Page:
For the autobahn is aesthetics. “For motorized traffic,” notes the 1937 governmental publication Bauten der Bewegung, “the Reichsautobahn constitutes a veritable artery: It is not a foreign body in the landscape but an harmonious part.” The somewhat less public reason: unlike autostradas and autoroutes, the autobahn avoids unnecessarily deep embankments “that would separate them from the landscape.” In the words of Fritz Todt and his constant army contacts, “the autobahn must not turn into mouse trap from which military vehicles cannot escape.”10 Thus peacetime planning paves the way for Kammler’s brigades, who spent the final months of the war rushing along the autobahn to launch V2 rockets toward London and World War X + 1.

Unlike their foreign imitations, Germany’s autobahn is surrounded by green. Fig. 3 State Secretary and later Field Marshal Erhard Milch of the Reich Aviation Ministry provided Todt’s engineers with aircraft “in order for them to see their autobahn from above and assess how advantageously planted vegetation could at least in part obscure the road when approached from the side.” Eichendorff’s question who put the forest so high above can thus be answered in part.11 It was the supreme command of the German Wehrmacht, spurned by the all-too-prophetic concern that enemy aircraft could follow the uncamouflaged autobahn all the way to Berlin. World War X + 1 casts its shadow on all thorough planning.

And when the soloist of the Führer’s Table Talk dreams of driving along the Reichsautobahn all the way to Kiev and Odessa in a car with an inbuilt camera, the modern landscape movie has been shot and the identity of aesthetics and blitzkrieg is beyond all doubt.

To this day, Americans, who had to wait until February 9, 1938, for the Senate to officially recommend the construction of express highways, drive their cars as if they were covered wagons heading west. Speed limits and front bench seats, that stubborn relic from horse wagon days, do not bother pioneers. On a broad, well-behaved front, with nobody passing anyone, they all trek together toward the last frontier. But German panzer divisions moving at combat speed, to quote Colonel General [Werner] von Fritsch of the German Supreme Command, need the autobahn from “Halle to Berlin to themselves.” Which also indicates who, if anybody, is allowed to pass said divisions. Germany forgoes twelve- or fourteen-lane Santa Monica-type freeways. There is only one passing lane for staff officers and engineers, the gentlemen drivers in motion.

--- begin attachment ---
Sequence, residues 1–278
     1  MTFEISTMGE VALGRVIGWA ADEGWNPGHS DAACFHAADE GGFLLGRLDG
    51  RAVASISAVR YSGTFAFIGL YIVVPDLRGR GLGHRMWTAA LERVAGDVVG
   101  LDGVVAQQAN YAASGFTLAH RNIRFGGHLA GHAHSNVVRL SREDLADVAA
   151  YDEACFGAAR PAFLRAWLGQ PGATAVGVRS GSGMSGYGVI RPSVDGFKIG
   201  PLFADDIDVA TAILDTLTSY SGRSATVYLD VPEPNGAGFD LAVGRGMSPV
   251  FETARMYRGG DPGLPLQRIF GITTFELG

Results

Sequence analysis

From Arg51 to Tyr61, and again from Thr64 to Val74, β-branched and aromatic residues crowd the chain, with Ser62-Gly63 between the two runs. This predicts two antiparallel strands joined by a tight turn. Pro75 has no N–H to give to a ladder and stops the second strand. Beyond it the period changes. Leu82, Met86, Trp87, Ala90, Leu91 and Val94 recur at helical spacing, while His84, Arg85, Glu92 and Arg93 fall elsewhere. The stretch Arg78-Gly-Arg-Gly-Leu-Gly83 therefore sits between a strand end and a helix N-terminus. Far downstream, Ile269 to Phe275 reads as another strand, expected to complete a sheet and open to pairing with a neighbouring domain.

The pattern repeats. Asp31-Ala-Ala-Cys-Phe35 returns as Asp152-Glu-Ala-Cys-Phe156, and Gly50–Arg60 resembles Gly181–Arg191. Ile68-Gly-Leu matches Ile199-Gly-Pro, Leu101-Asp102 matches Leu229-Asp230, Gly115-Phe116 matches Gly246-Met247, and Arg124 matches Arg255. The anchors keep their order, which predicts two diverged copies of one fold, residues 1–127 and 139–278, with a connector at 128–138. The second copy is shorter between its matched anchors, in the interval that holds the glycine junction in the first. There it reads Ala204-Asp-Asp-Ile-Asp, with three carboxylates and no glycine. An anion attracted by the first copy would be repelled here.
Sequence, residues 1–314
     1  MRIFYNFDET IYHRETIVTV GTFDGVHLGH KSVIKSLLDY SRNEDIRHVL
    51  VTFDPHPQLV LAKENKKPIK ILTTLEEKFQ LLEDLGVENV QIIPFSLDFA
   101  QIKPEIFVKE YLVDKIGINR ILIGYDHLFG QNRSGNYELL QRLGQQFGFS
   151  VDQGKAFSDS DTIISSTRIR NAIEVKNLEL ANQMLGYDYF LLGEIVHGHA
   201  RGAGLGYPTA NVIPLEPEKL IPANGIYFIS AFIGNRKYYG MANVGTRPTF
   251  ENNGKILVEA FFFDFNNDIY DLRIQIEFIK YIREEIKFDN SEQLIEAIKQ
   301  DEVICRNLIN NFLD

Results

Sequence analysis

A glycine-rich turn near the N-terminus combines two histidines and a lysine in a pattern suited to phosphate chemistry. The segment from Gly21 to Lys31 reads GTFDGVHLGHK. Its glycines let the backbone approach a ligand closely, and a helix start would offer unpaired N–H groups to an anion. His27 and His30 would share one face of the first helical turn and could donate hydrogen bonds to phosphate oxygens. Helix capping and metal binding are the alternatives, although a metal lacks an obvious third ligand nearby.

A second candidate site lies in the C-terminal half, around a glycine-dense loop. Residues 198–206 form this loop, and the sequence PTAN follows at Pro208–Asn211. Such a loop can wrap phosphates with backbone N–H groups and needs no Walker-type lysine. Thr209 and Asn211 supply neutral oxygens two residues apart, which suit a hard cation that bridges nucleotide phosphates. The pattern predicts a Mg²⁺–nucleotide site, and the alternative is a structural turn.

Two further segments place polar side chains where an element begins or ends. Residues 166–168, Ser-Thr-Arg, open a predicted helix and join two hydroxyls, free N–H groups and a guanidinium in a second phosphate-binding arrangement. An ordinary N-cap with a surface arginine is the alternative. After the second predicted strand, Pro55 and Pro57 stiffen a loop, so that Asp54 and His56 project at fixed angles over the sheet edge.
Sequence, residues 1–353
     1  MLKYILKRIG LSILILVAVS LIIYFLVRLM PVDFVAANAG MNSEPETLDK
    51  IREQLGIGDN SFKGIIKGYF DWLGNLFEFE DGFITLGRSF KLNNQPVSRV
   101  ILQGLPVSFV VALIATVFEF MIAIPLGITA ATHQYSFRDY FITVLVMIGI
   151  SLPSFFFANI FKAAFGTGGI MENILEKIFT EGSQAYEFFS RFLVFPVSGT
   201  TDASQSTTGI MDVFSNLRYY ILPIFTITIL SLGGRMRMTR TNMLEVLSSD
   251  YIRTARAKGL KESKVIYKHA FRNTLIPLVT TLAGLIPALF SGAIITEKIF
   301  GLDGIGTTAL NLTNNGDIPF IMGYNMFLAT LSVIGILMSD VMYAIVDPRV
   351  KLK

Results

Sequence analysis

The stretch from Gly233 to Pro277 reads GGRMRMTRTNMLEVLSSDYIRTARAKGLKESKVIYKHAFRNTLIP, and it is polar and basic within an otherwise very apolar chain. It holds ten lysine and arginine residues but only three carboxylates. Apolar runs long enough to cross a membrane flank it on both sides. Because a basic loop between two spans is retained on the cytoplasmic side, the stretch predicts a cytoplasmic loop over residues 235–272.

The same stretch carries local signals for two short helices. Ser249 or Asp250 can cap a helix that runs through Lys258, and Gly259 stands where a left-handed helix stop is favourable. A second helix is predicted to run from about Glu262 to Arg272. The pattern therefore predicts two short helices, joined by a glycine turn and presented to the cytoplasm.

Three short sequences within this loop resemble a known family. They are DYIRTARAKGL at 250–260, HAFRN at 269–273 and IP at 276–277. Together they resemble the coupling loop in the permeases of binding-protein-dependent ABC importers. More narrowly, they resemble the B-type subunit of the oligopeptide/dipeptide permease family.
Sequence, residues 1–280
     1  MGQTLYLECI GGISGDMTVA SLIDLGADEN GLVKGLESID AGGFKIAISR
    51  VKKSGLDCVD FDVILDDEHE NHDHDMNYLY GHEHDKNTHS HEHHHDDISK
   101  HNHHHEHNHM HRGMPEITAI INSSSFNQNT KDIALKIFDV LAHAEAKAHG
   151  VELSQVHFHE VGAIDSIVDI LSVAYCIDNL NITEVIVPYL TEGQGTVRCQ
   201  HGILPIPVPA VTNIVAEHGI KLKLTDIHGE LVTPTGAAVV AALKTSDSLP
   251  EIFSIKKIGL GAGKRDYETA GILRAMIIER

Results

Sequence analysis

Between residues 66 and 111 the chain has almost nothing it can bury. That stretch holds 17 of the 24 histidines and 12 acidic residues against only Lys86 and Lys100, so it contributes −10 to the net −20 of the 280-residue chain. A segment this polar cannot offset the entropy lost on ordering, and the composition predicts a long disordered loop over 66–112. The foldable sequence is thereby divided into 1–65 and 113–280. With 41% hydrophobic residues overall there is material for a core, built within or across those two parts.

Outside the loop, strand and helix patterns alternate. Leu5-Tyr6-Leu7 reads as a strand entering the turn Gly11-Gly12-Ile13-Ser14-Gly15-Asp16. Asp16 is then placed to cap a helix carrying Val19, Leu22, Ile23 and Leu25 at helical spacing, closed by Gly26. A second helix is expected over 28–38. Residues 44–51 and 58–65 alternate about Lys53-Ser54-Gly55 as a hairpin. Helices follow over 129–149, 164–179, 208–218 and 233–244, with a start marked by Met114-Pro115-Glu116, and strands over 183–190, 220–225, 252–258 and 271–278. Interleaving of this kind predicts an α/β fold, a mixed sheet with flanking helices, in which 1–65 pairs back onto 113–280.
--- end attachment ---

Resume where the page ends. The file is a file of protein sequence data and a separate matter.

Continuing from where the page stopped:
And every time summer comes around, as it did in ‘39, when the autobahn is cloaked in green and its soft embankments are navigable, people’s wishes are granted: tourist division upon tourist division sallies forth. Motorization psychosis. Six-cylinder engines roar. Not to mention stereos. Until Europe’s borders capitulate. Blitzkrieg à tous azimuts. And everyone passes everyone.

Peace is the continuation of war with the same means of transportation.